Thursday 10.5. from 18.00-19.30, at Aalto Media Factory, Hämeentie 135 A, Helsinki.
Camp Pixelache invited guest Jennifer Gabrys' contributes to Talking Trash(lab) lecture series presenting about the material life of digital media.
Digital technologies appear to be immaterial and relatively free of resource constraints. Yet as the environmental issue of electronic waste indicates, the material effects of digital media are significant. As one of the fastest growing waste streams, e-waste quantities are generated at approximately 20-25 million tons per year to 35-40 million tons per year. This waste is hazardous, difficult to recycle, and is often processed in harmful ways, which raisesconsiderable environmental justice issues.
Click here for instruction to get to Aalto Media Factory venue.
Her book Digital Rubbish: A Natural History of Electronics, published in 2011, describes the materiality of electronics from a unique perspective, examining the multiple forms of waste that electronics create as evidence of the resources, labour, and imaginaries that are bundled into these machines. Ranging across studies of media and technology, as well as environments, geography, and creative practice, Jennifer Gabrys draws together the far-reaching material and cultural processes that enable the making and breaking of these technologies.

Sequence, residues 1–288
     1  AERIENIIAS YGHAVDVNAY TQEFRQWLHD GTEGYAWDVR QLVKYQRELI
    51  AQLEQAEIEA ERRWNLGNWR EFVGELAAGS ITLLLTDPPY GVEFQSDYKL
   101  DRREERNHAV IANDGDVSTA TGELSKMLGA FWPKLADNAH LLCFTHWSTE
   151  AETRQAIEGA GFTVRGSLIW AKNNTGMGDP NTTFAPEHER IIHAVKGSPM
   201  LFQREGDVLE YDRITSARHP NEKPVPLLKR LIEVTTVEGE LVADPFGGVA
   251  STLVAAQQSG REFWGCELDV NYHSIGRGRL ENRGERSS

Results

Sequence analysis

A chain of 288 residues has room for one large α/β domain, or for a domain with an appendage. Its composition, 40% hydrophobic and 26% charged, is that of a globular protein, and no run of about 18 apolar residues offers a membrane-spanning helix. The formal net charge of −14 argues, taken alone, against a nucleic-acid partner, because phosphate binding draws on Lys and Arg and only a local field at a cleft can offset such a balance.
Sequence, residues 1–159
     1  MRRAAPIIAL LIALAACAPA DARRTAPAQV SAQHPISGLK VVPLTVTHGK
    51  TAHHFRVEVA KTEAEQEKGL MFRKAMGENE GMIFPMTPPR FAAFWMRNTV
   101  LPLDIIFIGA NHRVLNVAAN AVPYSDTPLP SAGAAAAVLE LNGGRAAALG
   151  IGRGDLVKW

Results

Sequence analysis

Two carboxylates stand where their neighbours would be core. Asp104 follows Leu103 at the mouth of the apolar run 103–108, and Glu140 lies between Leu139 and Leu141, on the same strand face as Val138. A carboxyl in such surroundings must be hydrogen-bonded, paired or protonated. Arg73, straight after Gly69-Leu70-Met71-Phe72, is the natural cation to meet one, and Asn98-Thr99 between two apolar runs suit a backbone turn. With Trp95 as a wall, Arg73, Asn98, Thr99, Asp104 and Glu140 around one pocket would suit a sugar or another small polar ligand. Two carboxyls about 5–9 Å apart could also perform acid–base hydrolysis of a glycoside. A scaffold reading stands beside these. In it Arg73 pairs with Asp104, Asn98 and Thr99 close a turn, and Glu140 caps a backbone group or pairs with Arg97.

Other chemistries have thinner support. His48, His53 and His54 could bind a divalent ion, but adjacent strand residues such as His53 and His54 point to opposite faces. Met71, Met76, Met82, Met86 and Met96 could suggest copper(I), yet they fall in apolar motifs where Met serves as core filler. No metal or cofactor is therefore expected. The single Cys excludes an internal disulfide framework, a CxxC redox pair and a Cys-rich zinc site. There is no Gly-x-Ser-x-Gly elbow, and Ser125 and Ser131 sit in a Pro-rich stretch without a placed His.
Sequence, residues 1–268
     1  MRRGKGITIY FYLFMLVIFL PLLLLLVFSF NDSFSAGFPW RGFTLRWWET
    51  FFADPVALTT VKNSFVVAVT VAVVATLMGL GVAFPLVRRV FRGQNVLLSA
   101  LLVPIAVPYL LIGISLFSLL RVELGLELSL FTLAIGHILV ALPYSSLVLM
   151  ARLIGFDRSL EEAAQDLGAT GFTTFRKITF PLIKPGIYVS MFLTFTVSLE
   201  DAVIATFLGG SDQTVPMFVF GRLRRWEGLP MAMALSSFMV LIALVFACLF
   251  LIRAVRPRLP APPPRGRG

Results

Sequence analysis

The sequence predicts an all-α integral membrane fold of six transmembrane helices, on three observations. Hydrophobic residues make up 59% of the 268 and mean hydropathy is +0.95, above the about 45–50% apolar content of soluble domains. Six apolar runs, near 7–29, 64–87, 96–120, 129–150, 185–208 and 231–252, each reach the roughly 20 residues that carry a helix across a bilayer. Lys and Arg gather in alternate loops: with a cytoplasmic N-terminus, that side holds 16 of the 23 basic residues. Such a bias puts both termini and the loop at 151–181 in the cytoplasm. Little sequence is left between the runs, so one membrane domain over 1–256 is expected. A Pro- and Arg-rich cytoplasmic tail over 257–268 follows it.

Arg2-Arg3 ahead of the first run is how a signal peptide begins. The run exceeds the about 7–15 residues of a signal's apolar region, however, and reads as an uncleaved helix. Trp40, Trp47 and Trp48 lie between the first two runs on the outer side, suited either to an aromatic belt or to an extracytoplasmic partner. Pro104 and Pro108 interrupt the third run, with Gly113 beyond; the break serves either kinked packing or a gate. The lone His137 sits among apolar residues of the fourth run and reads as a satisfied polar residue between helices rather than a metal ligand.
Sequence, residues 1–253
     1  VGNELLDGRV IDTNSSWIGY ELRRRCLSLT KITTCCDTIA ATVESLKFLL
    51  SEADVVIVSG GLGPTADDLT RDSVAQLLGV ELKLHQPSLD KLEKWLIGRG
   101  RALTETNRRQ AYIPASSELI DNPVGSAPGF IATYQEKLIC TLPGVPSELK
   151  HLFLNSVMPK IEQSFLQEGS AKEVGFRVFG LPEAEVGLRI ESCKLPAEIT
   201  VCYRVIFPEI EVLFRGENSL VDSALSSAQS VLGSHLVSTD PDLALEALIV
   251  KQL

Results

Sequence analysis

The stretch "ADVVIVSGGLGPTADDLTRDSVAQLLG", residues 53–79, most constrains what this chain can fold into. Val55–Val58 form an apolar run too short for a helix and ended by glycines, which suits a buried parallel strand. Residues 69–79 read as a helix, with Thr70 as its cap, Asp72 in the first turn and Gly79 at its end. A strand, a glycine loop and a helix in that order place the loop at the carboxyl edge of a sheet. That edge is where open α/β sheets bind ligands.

For the Talking Trash(lab) lecture, she will focus on how an approach to materiality as process is important not just for understanding the environmental and socio-cultural effects of digital media, but also for rethinking the material ecologies and economies of these technologies, and possible sites for creative intervention.
Jennifer Gabrys is Senior Lecturer in Design and Convener of the Masters in Design and Environment in the Department of Design, Goldsmiths, University of London. In addition to her Talking Trash(lab) lecture, Gabrys is a plenary speaker and facilitator of Camp Pixelache sub-theme ‘The art of gathering environmental data‘ on Saturday 12.5. at Arbis.
More information about Trashlab & Camp Pixelache.
* Image credit: Curtis Palmer, sourced at Wikimedia Commons.